Standing before the charred, burned-out remains of her two-story row house on Riggs Road NE last night, Frances Newman spoke softly, calmy of the disaster -- a fire that touched five generations of her family, critically injuring one of the oldest and killing one of the youngest.
"I was in the kitchen, singing and cleaning the oven . . . There was an explosion . . . Thick black smoke and then flames," the 64-year-old woman recalled, as though it had happened to someone else.
But then she is asked of little Tony Newman, her 5-year-old great-grand-son, and she looks away, shuddering in the piercing wind. Cars pass by, a street lamp reflects off tears in her eyes.
"My baby, my baby. My baby's dead. I raised him. He was attached to me. There was nothing I could do."
Frances Newman was in the kitchen with Tony's sister, Telepher, 2, at 3 p.m. yesterday when the fire started. Within 30 minutes, firefighters had extinquished the blaze, which started in the basement and caused $50,000 damage to the brick structure she has lived in for 20 years.
"I heard the explosion and saw the smoke, and I ran outside. There was already flames coming out the upstairs windows, But then I remembered [Telepher] who was in her high chair in the kitchen. I ran back in and got her, and I heard Tony calling me from where he was playing downstairs . . . but I couldn't get to him, the flames were too high already.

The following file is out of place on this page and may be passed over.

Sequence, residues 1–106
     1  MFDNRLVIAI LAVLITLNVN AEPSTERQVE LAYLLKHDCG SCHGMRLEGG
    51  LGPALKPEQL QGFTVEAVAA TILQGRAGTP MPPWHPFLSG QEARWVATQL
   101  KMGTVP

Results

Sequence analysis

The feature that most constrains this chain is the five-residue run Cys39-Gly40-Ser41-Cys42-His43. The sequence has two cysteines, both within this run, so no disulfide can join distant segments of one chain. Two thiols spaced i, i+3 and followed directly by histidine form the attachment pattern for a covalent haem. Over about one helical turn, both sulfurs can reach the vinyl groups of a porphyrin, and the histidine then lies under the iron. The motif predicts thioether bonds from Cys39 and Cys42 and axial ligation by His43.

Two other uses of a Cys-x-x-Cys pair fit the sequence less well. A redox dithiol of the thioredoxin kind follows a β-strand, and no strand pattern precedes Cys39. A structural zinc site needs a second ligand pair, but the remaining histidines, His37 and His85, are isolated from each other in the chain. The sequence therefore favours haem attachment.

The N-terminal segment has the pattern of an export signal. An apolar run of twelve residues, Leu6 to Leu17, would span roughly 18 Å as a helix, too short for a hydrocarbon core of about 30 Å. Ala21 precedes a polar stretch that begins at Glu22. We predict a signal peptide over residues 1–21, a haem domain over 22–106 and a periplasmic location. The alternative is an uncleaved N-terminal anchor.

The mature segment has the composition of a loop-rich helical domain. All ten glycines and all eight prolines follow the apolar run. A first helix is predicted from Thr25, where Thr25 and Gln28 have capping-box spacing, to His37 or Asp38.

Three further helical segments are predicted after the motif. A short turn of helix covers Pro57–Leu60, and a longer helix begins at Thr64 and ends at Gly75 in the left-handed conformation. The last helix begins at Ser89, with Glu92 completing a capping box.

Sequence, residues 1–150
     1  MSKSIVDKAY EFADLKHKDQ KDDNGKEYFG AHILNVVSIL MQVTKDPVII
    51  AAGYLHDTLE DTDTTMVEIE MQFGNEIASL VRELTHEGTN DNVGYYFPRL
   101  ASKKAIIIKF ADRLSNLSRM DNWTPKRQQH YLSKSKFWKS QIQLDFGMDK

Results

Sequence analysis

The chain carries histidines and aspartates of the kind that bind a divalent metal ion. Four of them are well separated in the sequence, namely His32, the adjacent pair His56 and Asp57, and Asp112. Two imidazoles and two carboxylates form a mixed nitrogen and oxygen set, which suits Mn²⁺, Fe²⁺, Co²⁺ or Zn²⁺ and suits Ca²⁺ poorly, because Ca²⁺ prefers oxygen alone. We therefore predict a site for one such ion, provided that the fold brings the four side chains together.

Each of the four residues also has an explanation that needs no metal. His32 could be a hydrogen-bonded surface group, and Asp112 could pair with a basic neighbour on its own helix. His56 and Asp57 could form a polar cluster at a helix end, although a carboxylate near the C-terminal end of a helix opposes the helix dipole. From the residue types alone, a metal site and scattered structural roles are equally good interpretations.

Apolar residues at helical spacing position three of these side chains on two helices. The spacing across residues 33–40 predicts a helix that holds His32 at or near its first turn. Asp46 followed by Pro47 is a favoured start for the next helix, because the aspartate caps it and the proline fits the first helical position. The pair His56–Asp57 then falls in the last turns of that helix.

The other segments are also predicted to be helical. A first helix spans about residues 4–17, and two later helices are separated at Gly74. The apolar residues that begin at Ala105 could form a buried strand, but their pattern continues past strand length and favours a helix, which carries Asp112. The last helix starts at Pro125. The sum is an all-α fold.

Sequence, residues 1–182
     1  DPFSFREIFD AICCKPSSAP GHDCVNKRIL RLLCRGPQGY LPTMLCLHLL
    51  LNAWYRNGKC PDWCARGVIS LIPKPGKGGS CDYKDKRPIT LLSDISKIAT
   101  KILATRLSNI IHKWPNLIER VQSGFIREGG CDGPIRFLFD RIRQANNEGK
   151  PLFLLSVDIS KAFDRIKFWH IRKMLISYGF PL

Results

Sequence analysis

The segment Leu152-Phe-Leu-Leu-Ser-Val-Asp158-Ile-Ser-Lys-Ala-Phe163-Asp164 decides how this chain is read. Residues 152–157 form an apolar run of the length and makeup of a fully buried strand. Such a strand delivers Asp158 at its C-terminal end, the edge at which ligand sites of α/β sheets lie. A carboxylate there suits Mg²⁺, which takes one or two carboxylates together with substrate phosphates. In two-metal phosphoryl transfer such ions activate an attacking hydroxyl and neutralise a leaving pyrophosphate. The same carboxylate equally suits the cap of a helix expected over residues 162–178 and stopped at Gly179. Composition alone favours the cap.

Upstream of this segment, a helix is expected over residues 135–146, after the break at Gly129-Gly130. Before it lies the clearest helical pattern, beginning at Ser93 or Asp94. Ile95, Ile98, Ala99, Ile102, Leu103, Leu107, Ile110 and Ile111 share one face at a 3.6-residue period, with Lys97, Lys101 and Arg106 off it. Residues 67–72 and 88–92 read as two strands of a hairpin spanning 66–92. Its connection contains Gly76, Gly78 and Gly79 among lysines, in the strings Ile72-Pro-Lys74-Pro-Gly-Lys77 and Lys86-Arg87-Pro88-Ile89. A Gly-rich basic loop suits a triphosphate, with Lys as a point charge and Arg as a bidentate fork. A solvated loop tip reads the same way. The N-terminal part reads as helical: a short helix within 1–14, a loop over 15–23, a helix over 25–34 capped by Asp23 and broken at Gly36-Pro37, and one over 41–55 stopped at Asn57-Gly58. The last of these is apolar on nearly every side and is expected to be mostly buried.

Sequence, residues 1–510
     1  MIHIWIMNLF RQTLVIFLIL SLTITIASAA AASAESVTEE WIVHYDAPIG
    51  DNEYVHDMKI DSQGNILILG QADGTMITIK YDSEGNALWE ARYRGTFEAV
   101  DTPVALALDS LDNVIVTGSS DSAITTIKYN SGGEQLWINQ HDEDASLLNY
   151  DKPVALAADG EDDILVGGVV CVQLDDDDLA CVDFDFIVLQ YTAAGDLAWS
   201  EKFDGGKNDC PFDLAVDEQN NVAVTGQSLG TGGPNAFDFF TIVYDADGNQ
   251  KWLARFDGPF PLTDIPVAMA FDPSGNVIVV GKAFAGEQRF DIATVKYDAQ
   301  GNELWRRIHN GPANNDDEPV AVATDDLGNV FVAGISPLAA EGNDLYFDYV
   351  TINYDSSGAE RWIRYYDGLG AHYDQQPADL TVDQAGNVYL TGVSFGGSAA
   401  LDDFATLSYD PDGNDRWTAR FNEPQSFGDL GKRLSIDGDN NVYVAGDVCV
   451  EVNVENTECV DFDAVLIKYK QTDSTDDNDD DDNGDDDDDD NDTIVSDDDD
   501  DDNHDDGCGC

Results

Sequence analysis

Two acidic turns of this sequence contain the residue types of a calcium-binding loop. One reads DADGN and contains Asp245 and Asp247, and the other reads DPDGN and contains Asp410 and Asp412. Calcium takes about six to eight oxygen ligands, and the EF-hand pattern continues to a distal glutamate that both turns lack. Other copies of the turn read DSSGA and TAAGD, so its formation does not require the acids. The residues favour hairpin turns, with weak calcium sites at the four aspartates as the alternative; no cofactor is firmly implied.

"I heard my mother calling me from upstairs, too, but I couldn't get to her either. Lord have mercy"
Frances Newman's mother, 84-year-old Martha White, Tony's great-great-grandmother, was rescued by firefighters and taken to Washington Hospital Center for treatment of burns and smoke inhalation. She was in critical condition last night.
Tony was taken to the hospital center, but was dead on arrival.
As Frances Newman spoke, friends and relatives came in groups, stroking and consoling her.
"We have so many good neighbors. They've all offered to put us up," said Newman's husband Ernest, a cabdriver who said he first heard news of the fire while listening to his car radio.
"I rushed right over, but it was too late. Then I went over to get Tony's mother," Cynthia Newman, who works in a nearby laundry.
Ernest Newman said Tony, his mother and his sister was staying at the Riggs Road house until they found a place to live. Tony was a first grader at nearby LaSalle Elementary School.
"Tony was a good little kid, pretty smart and quick to learn things. . . He liked to draw a lot, he used to go down to the basement to draw all the time," Newman said.
"I don't know how the fire started. We didn't even keep any matches in the house.
"We'll miss him. It's still a dream."